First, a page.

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Study on County Welfare Costs

The Rose Institute study (June 3) alleging that the cost to deliver one dollar of welfare benefits increased from 19 cents in 1977-78 to 34 cents in 1995-96 is fatally flawed and a grave disservice at a time when public debate is vitally needed to reform our welfare system.

The authors have taken the most simplistic approach possible by comparing county budget documents for 1977-78 to those for 1995-96 and in doing so have contorted the findings. For example, in the intervening 18 years, the county has changed its accounting practices. A valid comparison can only be made if the data are adjusted.

In addition, the county does not budget the value of food stamp and Medi-Cal benefits but does budget the costs to administer these programs. This skews the cost side of the analysis because the number of persons receiving Medi-Cal has increased by more than 216%, while the number of persons aided on all other programs combined has only increased by about 54%.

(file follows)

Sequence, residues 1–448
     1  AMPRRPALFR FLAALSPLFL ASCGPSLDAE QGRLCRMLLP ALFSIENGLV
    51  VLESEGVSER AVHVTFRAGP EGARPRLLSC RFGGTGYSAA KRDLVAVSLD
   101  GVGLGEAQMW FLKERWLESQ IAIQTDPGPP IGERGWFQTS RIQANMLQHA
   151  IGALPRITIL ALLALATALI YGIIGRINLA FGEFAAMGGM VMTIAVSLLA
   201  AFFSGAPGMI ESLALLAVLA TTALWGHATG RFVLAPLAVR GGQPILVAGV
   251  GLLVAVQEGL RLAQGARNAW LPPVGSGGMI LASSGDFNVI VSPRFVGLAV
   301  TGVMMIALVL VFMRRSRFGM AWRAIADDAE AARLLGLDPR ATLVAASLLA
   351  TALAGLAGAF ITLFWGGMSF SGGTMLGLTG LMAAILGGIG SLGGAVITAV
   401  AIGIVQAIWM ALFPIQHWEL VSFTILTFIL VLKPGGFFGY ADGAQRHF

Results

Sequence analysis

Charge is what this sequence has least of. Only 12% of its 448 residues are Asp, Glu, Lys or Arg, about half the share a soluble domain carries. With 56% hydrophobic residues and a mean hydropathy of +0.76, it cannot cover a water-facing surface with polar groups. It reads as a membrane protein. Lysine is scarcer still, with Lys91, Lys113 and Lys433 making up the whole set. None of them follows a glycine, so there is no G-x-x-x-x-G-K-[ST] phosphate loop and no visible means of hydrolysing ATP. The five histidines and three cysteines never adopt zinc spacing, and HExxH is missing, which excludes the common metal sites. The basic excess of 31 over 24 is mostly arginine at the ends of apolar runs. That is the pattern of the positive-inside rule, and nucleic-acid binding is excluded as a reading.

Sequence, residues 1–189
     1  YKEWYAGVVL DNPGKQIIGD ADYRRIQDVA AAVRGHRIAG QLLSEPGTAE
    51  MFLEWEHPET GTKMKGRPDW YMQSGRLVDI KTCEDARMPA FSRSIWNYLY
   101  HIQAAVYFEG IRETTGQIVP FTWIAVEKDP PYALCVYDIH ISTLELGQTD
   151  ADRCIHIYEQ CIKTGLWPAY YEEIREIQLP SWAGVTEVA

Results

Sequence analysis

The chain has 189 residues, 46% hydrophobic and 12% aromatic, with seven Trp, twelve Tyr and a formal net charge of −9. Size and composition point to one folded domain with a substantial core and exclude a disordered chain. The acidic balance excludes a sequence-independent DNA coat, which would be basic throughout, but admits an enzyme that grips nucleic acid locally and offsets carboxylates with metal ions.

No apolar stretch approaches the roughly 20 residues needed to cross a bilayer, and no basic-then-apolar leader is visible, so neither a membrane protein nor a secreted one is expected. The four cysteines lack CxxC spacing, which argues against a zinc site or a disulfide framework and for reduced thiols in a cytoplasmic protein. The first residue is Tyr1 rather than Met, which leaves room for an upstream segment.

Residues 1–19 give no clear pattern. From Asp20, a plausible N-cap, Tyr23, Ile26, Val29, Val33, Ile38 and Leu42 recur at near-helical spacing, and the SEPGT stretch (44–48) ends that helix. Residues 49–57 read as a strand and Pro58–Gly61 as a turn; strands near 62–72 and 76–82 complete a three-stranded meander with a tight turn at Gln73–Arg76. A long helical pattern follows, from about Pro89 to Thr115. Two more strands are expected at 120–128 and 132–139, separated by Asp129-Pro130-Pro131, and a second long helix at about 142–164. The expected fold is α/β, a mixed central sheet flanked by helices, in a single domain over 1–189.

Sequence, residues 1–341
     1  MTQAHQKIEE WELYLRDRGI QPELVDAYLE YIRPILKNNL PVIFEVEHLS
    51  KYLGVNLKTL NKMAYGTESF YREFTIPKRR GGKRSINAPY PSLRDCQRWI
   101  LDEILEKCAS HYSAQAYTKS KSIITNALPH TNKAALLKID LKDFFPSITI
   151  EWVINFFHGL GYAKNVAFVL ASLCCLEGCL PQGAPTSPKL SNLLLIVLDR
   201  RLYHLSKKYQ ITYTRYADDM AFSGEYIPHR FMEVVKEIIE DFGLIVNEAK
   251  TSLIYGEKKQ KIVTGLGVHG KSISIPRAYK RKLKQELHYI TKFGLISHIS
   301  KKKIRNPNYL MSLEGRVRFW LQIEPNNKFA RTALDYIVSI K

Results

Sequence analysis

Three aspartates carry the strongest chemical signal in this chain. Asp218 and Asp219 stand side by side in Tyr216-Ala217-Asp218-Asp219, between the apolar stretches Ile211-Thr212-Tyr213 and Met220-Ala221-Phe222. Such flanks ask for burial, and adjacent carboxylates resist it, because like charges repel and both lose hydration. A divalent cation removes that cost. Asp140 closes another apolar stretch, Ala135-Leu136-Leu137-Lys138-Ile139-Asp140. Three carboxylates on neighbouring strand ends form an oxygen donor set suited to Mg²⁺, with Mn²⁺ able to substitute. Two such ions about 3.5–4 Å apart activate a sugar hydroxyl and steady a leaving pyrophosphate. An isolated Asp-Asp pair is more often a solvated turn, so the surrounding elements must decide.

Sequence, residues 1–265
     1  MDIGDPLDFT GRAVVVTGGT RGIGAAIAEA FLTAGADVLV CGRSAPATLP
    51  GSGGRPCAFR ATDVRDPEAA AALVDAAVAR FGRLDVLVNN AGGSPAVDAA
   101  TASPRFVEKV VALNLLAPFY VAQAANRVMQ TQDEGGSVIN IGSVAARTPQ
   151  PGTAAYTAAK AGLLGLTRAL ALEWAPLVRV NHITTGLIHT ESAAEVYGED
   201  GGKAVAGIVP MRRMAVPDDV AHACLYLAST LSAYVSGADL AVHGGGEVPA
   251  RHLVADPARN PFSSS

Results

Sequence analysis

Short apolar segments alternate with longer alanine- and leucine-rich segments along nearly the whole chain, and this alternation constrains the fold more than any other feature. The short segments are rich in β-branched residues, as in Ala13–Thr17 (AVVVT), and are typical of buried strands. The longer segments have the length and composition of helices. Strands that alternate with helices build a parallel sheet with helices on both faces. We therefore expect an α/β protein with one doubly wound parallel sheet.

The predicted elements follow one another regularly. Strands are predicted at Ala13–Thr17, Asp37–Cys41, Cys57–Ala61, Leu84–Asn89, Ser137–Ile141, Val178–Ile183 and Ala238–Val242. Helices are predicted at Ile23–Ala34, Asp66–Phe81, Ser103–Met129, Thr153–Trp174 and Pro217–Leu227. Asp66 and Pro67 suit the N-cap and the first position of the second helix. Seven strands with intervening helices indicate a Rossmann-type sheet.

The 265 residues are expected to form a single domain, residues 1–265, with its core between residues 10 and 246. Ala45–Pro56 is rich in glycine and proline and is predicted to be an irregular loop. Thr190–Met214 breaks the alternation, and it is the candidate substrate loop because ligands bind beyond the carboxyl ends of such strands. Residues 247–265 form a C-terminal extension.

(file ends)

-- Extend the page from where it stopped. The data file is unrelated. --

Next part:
Finally, the Department of Community and Senior Services did not in 1977-78 and does not today administer “welfare” programs. Its costs should not be considered at all in this discussion.

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It is unfortunate that the authors of the Rose Institute study chose not to consult with welfare administrators. Had they done so, the needed adjustments could have been made and meaningful information shared. The fact is that the cost of delivering $1 of welfare has decreased from 14 cents in 1977-78 to 13 cents in 1995-96. Even greater efficiencies have been achieved in the Aid to Families With Dependent Children program. In 1977-78, it cost 19 cents for each AFDC dollar distributed; by 1995-96, this cost had been slashed to eight cents.

The authors have published raw statistics which, while technically correct, contribute nothing to understanding or improving our public institutions.

EDDY S. TANAKA, Director

Dept. of Public Social Services

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Los Angeles County


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